Crucial Conversations

Hiya! I trust you’re doing well and that this post meets you in good health. A few days back, I spoke to a friend of mine and realized I hadn’t spoken with him in almost six months. I apologized and made a mental note to reach out to friends and family as they cross my mind. In the words of my dear friend, Tosin, we should live “shocking those who are important to us with love daily”. Please don’t wait for a good time; ring them today, send a message, voice note, DM, etc. Each day is a blessing; another opportunity to experience God’s love, don’t spend it on just yourself.

Today, I also want to appreciate you. Yes, you – the amazing individual who has taken the time to read my blog, the one who has subscribed, left comments on each post, follows on Instagram, shares links and posts with their network, gives me feedback, cheers me on and contributes to making this a success! You are the community that anyone would dream of having.

I’ve been spending some time in the past week to help out a friend work through some personal challenges and on one of the days while we spoke, she said, “I struggle to have these conversations. I know I need to, but I just can’t. It’s too hard”. Hearing her say those words set me thinking; and I realized that for a long time in my life, I also had the same issue. See now, I’m introverted and grew up with immediate family who expressed their displeasure as e dey hot (for our non-Nigerian audience, bluntly); so, I learnt to just be the douser of household fires to ensure we don’t all get burnt. As one who would rather not have confrontations, I generally tended to keep my emotions to myself and move on – even when the issue at hand may be eating away at my soul and sanity.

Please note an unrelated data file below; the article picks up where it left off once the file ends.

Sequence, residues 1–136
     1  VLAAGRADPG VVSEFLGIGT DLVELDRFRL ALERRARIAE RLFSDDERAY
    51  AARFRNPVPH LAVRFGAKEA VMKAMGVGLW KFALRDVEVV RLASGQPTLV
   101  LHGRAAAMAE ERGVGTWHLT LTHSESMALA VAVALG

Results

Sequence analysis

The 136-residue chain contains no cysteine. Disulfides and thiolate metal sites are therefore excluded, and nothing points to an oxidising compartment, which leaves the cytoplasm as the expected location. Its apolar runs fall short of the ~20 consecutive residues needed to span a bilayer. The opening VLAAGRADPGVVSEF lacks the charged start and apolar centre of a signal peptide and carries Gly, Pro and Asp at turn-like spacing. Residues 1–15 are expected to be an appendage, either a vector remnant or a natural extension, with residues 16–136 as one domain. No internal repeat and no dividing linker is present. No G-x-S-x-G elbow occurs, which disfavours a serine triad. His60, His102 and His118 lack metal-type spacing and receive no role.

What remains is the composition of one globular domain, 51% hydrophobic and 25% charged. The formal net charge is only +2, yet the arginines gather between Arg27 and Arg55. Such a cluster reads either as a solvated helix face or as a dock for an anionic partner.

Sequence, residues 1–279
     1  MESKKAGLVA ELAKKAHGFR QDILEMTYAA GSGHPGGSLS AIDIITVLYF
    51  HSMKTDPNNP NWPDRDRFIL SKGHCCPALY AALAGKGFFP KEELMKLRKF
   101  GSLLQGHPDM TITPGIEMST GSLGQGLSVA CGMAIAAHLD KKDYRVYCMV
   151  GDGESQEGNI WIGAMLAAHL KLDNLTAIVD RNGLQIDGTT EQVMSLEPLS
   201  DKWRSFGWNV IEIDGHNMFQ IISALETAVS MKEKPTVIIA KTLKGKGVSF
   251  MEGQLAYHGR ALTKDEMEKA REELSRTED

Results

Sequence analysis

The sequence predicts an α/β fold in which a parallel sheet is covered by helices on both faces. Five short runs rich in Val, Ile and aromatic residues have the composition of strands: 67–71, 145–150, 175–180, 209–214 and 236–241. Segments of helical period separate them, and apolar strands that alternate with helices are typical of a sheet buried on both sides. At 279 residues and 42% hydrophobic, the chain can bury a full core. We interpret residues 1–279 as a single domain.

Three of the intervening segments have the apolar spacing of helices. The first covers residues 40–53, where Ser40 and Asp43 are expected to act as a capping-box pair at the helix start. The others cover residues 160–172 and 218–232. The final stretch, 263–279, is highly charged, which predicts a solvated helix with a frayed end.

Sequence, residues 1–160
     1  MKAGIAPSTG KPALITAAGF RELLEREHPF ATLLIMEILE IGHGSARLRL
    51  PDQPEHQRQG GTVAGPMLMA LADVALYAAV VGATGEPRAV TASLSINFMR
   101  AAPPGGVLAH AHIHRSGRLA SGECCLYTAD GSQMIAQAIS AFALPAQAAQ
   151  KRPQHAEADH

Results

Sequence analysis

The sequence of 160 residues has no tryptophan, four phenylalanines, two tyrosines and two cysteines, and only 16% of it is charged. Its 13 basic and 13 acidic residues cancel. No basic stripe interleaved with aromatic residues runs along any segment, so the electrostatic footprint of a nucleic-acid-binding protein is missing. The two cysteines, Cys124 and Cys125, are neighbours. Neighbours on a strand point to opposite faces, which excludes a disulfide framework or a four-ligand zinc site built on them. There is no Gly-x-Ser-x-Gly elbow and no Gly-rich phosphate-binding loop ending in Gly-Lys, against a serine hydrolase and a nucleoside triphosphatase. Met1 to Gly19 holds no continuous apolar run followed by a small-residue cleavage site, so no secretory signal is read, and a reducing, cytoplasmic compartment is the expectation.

Yes, I know this isn’t right, but my brain processed it as a safe way to avoiding any arguments or heated conversations. I know this is often referred to as the “hedgehog approach” to dealing with conflict and understand the negative toll it took on my relationships; so, now I am intentional about expressing my feelings and concern with tact and consideration; including when it involves having crucial conversations.

In their book, “Crucial Conversations: Tools for Talking When the Stakes are High”, by Patterson, Grenny et al, the authors define the term as “a discussion between two or more people where the stakes are high, opinions vary, and emotions run strong.” I think this definition is apt considering we will have at least one of these kind of conversations over the course of our lifetime –with our significant other/spouses, friends, teenage children, relatives, colleagues, domestic staff, team members, etc. Seeing that these are inevitable, I think we might all do ourselves a favour by learning how to have them effectively to deliver the right results, which often is change.

In my experience, the first thing NOT to do is have crucial conversations in the heat of the moment. After events happen, please do not attempt to have conversations when your emotions are dancing around and all you can see is a bright shade of red at the back of your cornea. This is most assuredly going to result in more emotional bloodshed; nothing close to your desire for change.

Secondly, watch your language. The truth is, as you both venture into this conversation; emotions are already on the high so every word you speak or use is going through an instant emotional litmus test that would either fuel or douse the raging flame of emotions. This would also determine the trend and outcome of this conversation, so please be intentional about your choice of words. You can only achieve this if you are self-aware and have your emotions in check – as discussed above.